Quarkside

13/07/2013

MLF supports open standards: Open Care EcoSystem?

Filed under: Innovation,Outcomes,Standards — lenand @ 7:29 am
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Martha Lane Fox understands the case for open standards; from her speech in the lords:

“I am not talking about expensive and costly top down nhs IT projects but instead about better use of data, open standards, more agile development and a more digitally minded culture in our healthcare sector….

 … the Department of Health (DH) believes that at least three million people with long term conditions and/or social care needs could benefit from the use of telehealth and telecare services. Implemented effectively as part of a whole system redesign of care, telehealth and telecare can alleviate pressure on long term NHS costs and improve people’s quality of life through better self-care in the home setting.

The NHS can potentially save so much money, they should consider giving financial support to organisations working on preventative care.  Here’s Quarkside’s idea.

Elderly people living independently could have their homes fitted with activity sensors and wear health monitors eg blood pressure.  Data is collected continuously, via the Internet, and analysed to create an individual’s unique, normal, behaviour pattern.  Deviation from normal patterns, displayed to family members or carers, alerts them of potential health problems and they can provide valuable data for GPs or hospitals.

Early medical intervention could improve outcomes for people with chronic conditions, eg diabetes, loss of cognition eg Alzheimer’s and recently discharged from hospitals.  Each could be worth £billions.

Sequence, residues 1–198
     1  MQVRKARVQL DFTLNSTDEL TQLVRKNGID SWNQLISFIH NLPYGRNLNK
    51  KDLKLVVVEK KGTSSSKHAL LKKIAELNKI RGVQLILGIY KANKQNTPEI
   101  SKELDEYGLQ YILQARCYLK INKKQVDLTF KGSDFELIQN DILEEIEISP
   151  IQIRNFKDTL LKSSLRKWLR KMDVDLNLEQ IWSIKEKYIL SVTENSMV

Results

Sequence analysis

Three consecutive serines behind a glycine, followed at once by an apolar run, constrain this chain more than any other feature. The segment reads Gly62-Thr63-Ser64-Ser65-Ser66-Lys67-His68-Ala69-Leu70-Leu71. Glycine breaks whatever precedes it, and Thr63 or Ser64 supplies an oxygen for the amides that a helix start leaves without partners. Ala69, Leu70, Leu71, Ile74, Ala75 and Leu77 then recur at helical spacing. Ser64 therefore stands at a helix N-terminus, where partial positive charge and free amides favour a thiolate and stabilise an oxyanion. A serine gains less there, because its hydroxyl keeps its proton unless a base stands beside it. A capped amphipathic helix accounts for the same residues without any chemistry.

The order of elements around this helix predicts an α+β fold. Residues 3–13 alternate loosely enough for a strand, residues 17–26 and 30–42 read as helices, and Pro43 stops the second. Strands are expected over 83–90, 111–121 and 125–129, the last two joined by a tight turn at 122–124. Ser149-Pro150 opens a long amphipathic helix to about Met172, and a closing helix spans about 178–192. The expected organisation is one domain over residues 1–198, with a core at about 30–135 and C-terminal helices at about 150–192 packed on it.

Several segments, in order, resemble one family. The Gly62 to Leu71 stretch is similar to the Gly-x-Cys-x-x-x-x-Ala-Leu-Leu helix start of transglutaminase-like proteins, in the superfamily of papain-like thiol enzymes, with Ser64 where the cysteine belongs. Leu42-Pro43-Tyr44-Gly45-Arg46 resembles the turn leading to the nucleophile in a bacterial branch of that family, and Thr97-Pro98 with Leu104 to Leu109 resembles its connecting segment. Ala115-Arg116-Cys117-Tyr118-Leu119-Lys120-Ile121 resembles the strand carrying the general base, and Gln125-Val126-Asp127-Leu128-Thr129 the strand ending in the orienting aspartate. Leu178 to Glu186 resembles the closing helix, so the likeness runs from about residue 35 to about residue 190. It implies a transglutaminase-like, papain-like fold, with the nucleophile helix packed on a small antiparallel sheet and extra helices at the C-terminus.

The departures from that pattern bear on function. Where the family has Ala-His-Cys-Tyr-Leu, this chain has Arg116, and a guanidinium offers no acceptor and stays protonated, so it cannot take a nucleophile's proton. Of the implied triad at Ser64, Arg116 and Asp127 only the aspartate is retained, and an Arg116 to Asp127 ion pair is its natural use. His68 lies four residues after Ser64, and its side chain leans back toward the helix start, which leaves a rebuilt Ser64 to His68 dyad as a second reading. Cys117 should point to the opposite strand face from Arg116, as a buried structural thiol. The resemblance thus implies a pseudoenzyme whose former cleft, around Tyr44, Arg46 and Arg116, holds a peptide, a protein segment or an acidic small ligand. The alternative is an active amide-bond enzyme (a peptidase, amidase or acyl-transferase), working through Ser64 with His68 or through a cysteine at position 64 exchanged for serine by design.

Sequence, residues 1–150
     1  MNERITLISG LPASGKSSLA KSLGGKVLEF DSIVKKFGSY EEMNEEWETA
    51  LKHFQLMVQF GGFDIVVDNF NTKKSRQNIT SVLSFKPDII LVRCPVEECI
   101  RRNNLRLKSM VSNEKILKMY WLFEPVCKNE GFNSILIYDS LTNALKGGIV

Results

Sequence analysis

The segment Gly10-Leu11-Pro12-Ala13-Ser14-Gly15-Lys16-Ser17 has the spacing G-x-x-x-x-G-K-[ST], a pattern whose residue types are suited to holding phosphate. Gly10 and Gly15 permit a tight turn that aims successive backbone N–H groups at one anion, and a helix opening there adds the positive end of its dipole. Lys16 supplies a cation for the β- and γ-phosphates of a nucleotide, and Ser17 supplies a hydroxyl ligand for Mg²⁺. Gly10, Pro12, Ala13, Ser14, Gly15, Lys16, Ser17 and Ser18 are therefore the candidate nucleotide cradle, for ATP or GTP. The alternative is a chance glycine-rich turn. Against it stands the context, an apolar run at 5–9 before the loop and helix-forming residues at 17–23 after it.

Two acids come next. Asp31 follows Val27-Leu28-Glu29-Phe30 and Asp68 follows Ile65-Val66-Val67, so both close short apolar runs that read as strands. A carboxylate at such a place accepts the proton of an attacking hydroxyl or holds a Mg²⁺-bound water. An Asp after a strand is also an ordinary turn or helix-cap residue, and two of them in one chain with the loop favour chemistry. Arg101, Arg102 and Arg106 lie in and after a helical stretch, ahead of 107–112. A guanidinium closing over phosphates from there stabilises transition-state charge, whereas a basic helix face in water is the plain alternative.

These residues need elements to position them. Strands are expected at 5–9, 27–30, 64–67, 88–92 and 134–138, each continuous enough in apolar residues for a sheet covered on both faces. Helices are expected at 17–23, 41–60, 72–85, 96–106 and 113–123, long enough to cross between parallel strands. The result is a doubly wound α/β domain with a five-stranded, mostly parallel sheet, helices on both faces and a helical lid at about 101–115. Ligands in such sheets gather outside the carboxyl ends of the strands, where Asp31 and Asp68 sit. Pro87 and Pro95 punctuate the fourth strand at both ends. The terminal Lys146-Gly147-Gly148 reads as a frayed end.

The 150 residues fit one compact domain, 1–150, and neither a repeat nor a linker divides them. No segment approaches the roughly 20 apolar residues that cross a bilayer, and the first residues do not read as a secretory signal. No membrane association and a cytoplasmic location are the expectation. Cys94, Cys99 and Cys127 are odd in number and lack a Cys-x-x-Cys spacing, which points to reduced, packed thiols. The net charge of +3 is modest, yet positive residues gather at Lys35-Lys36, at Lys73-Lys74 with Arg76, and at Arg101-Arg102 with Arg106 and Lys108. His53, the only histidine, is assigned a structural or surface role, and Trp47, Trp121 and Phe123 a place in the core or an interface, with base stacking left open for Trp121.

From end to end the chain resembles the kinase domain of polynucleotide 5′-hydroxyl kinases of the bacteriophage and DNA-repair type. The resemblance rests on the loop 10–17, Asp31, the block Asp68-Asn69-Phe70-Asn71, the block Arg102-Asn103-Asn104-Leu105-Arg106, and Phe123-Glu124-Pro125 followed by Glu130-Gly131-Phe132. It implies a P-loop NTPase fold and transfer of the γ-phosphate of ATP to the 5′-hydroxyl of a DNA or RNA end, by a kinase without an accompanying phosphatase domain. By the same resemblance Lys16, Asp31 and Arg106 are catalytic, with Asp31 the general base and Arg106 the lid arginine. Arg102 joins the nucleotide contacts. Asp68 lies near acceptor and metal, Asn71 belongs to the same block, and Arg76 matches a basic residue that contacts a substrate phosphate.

An ecosystem of open standards makes sense.  We need standards for::

  • Home activity sensors, eg smart meters
  • Health monitors, eg heart rate
  • Safety alarms, eg carbon monoxide levels
  • Time series data for all types of home and health monitors
  • Display of analytical information for individuals, families, carers and health professionals
  • Information governance of digital identities and data sharing

Standards like this, developed coherently in the public sector, would encourage innovative SMEs to enter the market and vastly improve health outcomes.  It could be a world leading industry, helping the UK economy.  This open ecosystem should be supported by multiple stakeholders.  It crosses the boundaries of Government departments of Business, Innovation & Skills, Health, Education, Communities & Local Government, Work & Pensions  and Local Authorities with responsibility for Social Care.

Any Government and Trust funding for the development of an Open Care EcoSystem will help the transformation from a reactive public health service to a preventative health culture in private citizens.

Is ten years too ambitious?

17/11/2011

Political traction for standards

Filed under: Governance,Standards — lenand @ 10:50 am
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Good news stories don’t attract much interest, but there is one unfolding about standards in the public sector.  The Local Government e-Standards Body (LeGSB) has obtained funding for this year from a number of central government departments.  Perhaps Martha Lane Fox’s message has filtered through the political process.

There’s a portfolio of about ten projects.  Some are having a significant impact in the way that central government can and should interoperate with local government ICT.